Ben Franklin Day at The Saratogian: A ‘Declaration of Independence’ from newsroom software
But it wasn't put together in the usual way.
Most of the news and photographs on the pages, and the layout of those pages themselves, were prepared for publication without using the usual newsroom software for writing, editing, toning, cropping and paginating.
Instead, all this work was done using free software available to anyone on the Internet. And yes, it was hard work. The proprietary software is designed to be efficient, reliable and relative fast for the task of producing a daily newspaper. The free substitutes, not so much.
So why did we do it? Crazy? Maybe. Tired? Definitely. Proud? You bet.
The free software experiment is part of the Ben Franklin Project of the Journal Register Company, which owns The Saratogian, 17 other dailies and a slew of weeklies and has been expanding its online presence with a content-driven, digital-first mentality that reflects where the world of communication is today and where it’s headed.
Part of the Ben Franklin Project is to push us newsies into active engagement with the public as a matter of course in planning, developing and reporting news. The buzzword is crowdsourcing. While it’s not a new concept, the Internet and social media in particular eliminate any excuses about reaching people and making citizens part of the process of shaping their news. That’s the ongoing part of the Ben Franklin Project, which recognizes that our No. 1 product is news content, whether you’re in print or online.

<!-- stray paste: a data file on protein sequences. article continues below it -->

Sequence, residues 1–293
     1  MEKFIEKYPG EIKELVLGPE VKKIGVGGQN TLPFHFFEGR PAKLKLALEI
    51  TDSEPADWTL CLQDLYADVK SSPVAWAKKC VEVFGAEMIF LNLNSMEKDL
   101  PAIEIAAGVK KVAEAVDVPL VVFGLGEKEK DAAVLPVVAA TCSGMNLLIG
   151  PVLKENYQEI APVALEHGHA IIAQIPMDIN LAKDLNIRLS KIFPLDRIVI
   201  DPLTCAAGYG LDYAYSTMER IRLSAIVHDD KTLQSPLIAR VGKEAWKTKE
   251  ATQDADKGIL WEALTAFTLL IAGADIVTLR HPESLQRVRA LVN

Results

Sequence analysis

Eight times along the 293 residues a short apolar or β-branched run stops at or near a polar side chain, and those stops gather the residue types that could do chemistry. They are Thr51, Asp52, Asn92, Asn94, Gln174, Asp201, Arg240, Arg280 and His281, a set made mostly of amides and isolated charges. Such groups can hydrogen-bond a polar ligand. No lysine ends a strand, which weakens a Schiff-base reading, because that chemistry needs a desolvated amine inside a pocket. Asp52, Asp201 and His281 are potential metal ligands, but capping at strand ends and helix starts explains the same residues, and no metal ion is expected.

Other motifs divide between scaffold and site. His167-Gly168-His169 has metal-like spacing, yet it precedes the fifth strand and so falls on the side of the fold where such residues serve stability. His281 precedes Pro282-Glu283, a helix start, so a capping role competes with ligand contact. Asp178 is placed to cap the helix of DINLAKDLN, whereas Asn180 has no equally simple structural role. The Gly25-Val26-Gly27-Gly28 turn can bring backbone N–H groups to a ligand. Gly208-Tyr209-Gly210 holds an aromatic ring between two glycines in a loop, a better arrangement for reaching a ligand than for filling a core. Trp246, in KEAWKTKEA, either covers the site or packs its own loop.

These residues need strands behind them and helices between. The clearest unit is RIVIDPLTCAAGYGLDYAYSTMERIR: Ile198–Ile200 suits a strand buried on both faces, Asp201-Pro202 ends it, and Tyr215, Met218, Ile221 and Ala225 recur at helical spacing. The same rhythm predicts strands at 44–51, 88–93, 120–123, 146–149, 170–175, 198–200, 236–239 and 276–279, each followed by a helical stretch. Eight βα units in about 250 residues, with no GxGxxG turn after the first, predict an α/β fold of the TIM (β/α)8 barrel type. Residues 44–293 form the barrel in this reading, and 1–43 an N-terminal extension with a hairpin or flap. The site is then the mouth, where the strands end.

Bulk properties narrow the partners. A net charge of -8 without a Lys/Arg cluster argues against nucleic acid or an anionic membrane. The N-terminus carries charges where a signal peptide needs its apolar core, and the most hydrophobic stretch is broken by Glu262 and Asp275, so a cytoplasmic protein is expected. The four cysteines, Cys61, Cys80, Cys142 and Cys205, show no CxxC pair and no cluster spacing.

The Ben Franklin Project’s one-shot deal is the preparation of all daily newspapers in the Journal Register Company using free software for publication on the Fourth of July, a symbolic declaration of independence from proprietary software. Last month, a weekly and a daily in the company did it successfully, so the bar was raised for today. It’s a bit of a publicity stunt within the journalism industry, and it’s working. The industry has taken note of remarkable strides in attitudes and practices of the Journal Register Company spearheaded by John Paton, the CEO who has taken the company out of bankruptcy and is leading it into a digital-first world.
The Ben Franklin Project also demonstrates that the technology to publish is out there for anyone to use.
But between us, producing today’s paper wasn’t easy for the newsroom. News Editor Paul Tackett has been working days and nights, on top of his usual job, to set up most of today’s pages in a layout program called Scribus. In the community, Tackett may be an anonymous editor, but you know him through his compelling page designs.
For today’s paper, Tackett has duplicated the familiar components of The Saratogian from scratch, with the goal being that you won’t know the difference between the look of today’s paper and tomorrow’s. Likewise, photographers Erica Miller and Ed Burke have used free software instead of Photoshop for their pictures, and the reporters have filed their stories in Googled Docs instead of Microsoft Word. Online Editor Steve Shoemaker is posting video and stories to a free website, in addition to the regular site at saratogian.com.
It’s been a team effort involving other departments of The Saratogian as well as the newsroom.
We in the news industry take great pride in publishing, no matter what the circumstances – and news companies have faced natural disasters much more challenging than anything John Paton or Ben Franklin could throw our way.
Just wanted to share with you the story behind today’s newspaper, to publicly commend The Saratogian team, and, as always, to invite your comments.
Barbara Lombardo is managing editor of The Saratogian. E-mail her at email@example.com or comment on her blog, Fresh Ink, at www.saratogian.com.